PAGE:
increase their e
ectiveness. Someone who doesn’t want to reinvent the wheel, but wants to make useof the opportunities that are already there.
Easycracy is not speciﬁc to a certain type of organization. Government or industry, it doesn't reallymatter. Just as bureaucracy dominates in both government institutes and large commercial companies.For an easycrat it doesn't make any di
erence whether the easycratic way of working is applied in anon-proﬁt environment to resolve a social issue, or in the context of increasing the market share of amultinational listed on the stock exchange.
And neither is easycracy linked to ranks or classes. Anyone can be an easycrat, from the CEO to theyoungest waiter, from minister to civil servant. Easycracy runs right through all existing hierarchies. Viacountless formal and informal networks, contacts exist between the high-ranked and the low-rankedwithin the existing hierarchical structure. Individuals communicate with each other and these contactsimpact not only the decision-making process, but increasingly – and with ever more signiﬁcantconsequences – directly on the implementation of new initiatives.
THE TRADITIONAL MANAGER WILL ALSO BENEFIT
But the traditional, conservative-thinking manager or supervisor can also beneﬁt from knowledgeabout easycracy. Because every manager knows, deep down, that conservatism can never be more thana temporary strategy designed to help an organization survive. However perfect an organization maybe, the world around it will continue to evolve. The environment of an organization is constantlychanging. The customer's demands are changing, the needs of employees are changing, the supply inthe labour market is changing, technology is changing and the competitor's range of goods andservices is changing. And if it wasn't already complex enough, as a result of this continuous stream of changes, the threats and competition aren't just coming from the usual suspects. KLM isn't competingonly with Easyjet, but also with new high-speed trains that may become a viable alternative for airtravel. Coca-Cola isn't competing just with Pepsi, but also with a brand of drink that's launching a newand improved fresh fruit juice onto the market. The popular Dutch commercial TV station RTL isn't justhaving to compete with the other main commercial TV station SBS6 and with the public broadcastingcompanies, but also with ﬁlm DVDs that can be found in record shop bins at two euros apiece. Thepopular café-bar isn't just having to deal with the threats of customers switching allegiances to thenew trendy café in town, it's also competing against people's living rooms, where the customer isallowed to smoke.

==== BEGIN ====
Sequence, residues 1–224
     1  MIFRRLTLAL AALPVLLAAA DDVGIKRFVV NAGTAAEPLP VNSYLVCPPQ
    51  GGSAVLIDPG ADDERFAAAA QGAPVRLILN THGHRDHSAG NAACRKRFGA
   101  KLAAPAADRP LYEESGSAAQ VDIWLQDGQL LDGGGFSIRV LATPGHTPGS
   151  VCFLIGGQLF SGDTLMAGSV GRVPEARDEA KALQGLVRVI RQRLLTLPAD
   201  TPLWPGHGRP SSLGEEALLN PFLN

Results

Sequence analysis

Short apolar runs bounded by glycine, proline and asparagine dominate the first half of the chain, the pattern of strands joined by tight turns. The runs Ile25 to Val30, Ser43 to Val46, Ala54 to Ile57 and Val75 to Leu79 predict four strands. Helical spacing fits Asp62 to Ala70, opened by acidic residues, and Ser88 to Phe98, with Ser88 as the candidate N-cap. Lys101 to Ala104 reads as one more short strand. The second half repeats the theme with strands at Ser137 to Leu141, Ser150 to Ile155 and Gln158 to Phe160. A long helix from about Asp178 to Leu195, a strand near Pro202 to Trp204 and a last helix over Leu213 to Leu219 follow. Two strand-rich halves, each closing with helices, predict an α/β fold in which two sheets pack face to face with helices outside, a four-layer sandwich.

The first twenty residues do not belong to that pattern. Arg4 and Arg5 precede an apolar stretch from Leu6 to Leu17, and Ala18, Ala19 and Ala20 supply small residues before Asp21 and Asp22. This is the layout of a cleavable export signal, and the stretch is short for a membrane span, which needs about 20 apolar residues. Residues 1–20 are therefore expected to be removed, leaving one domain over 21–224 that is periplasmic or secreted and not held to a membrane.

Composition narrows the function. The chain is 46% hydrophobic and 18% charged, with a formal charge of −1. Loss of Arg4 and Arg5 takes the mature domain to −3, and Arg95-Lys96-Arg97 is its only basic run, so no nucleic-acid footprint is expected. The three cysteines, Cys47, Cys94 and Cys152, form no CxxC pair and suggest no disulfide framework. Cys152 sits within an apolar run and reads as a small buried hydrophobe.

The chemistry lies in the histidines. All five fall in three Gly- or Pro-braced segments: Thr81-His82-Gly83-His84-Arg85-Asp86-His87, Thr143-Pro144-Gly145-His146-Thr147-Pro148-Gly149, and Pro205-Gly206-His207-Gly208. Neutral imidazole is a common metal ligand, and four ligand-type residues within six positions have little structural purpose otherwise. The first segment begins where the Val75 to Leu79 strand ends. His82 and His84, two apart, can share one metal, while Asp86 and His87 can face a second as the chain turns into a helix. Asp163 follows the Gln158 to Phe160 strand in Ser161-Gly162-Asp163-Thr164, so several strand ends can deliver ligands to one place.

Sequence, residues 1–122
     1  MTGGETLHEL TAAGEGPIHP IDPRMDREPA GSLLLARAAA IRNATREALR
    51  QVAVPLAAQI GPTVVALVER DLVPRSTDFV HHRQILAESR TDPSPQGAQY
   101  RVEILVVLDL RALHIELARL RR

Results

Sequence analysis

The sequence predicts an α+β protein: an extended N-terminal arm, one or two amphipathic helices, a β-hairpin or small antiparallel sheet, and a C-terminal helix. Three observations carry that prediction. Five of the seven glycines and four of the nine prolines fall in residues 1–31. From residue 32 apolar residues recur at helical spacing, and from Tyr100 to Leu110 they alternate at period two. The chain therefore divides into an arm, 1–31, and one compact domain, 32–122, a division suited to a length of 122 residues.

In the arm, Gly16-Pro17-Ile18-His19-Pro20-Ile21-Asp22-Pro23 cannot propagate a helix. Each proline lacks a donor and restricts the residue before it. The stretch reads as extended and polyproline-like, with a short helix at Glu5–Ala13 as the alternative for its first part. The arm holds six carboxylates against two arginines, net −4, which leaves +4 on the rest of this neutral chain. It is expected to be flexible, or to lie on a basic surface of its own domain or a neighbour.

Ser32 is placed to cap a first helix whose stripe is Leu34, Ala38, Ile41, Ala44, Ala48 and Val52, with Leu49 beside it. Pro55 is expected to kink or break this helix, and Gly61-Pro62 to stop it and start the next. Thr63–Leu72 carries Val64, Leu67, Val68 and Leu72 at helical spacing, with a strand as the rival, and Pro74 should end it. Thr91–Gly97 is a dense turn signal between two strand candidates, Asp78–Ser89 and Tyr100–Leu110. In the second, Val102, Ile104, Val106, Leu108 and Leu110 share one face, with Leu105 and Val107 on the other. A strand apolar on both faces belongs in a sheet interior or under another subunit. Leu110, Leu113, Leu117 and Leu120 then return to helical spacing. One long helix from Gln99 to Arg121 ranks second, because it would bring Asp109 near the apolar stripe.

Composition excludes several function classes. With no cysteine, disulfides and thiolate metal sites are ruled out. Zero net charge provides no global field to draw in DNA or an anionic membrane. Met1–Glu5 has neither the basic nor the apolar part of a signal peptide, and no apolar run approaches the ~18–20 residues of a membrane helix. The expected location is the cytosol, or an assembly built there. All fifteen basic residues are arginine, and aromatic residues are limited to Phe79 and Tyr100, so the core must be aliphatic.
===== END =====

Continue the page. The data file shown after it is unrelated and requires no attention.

So we're not making a wild assumption when we say that every organization that chooses to takethe conservative route is digging their own grave. Sooner or later, radical changes in supply anddemand in the economy will mean the end of the previously so successful traditionalist organization.Adapting and improving the organization constantly is essential if you want to survive.
Changes are essential. With their innate desire for change, easycrats can therefore become naturalallies of the conservative, traditional manager. Because both are pursuing the same goal – making surethat the organization continues to make a useful contribution, so that the organization will have aviable future.
An indirect beneﬁt for the traditional managers is that the easycrats are not out to pull the rug fromunder their feet. Because those in power are often deeply suspicious of change-oriented powers withintheir organization. In the 20th century management theories, hierarchy played a crucial role.